I think a system like this would have a lot of advantages. First, it wouldn’t really inconvenience projects that are already in progress. There already seems to be lots of communication between existing high-level projects and their dependencies, if not a huge overlap of developers, so I don’t think any current efforts would fail the tests we might propose. This also would address the issues that Mic and Dan raised in the TSC meeting this morning; namely, that it’s difficult for the TSC to know enough of the technical details about various sub-projects to be able to assess any sort of technical merit (or even technical need if project structure gets more complicated in the future). Requiring a diverse set of maintainers to sign off on these sub-projects (in a federated consensus style!) would allow unaffiliated folks to have much more confidence in the sub-projects.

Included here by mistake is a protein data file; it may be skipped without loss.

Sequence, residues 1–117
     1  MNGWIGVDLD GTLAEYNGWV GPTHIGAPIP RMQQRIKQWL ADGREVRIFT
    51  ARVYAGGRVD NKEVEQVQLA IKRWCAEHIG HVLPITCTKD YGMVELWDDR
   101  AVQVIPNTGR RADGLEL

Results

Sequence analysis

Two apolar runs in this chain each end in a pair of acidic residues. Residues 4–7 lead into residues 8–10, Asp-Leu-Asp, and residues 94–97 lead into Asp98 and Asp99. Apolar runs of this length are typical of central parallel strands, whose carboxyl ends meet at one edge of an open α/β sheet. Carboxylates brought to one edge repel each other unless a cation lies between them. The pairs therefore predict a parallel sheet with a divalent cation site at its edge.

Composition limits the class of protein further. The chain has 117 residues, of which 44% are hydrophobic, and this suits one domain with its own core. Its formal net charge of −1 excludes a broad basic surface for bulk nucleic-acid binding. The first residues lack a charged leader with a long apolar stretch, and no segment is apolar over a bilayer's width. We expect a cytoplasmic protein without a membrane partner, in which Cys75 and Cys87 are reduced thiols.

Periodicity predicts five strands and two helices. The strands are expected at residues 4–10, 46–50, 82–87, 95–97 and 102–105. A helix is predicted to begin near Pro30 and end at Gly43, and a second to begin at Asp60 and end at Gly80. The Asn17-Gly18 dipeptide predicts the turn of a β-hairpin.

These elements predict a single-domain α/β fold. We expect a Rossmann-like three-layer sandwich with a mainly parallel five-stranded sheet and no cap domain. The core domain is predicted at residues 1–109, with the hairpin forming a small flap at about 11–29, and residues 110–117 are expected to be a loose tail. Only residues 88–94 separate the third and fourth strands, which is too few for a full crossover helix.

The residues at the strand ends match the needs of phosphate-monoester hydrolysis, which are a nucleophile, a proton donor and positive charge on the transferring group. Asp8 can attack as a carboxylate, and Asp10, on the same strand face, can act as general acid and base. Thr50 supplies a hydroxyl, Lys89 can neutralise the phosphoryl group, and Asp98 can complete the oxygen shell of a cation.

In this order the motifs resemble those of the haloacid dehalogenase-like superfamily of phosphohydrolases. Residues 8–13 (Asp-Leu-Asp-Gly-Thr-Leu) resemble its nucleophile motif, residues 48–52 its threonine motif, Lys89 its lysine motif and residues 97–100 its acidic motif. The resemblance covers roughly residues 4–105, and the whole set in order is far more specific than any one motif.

Also, I am of the opinion that a flexible dependency list could potentially help mitigate some of the balkanization issues Chris brings up below, as, for instance, projects like Cello and Composer could potentially add more dependencies as they grow. Projects could also be encouraged to have more dependencies as well in certain cases if people think that collaboration should be pushed.
Anyways, I think this is an important topic going forward, and am open to suggestions/questions/comments etc.
From: hyperledger-tsc-bounces@... [mailto:hyperledger-tsc-bounces@...] On Behalf Of Christopher Ferris via hyperledger-tsc
Sent: Thursday, March 16, 2017 10:59 AM
To: Middleton, Dan <dan.middleton@...>
Subject: Re: [Hyperledger Project TSC] Go Client SDK Announcement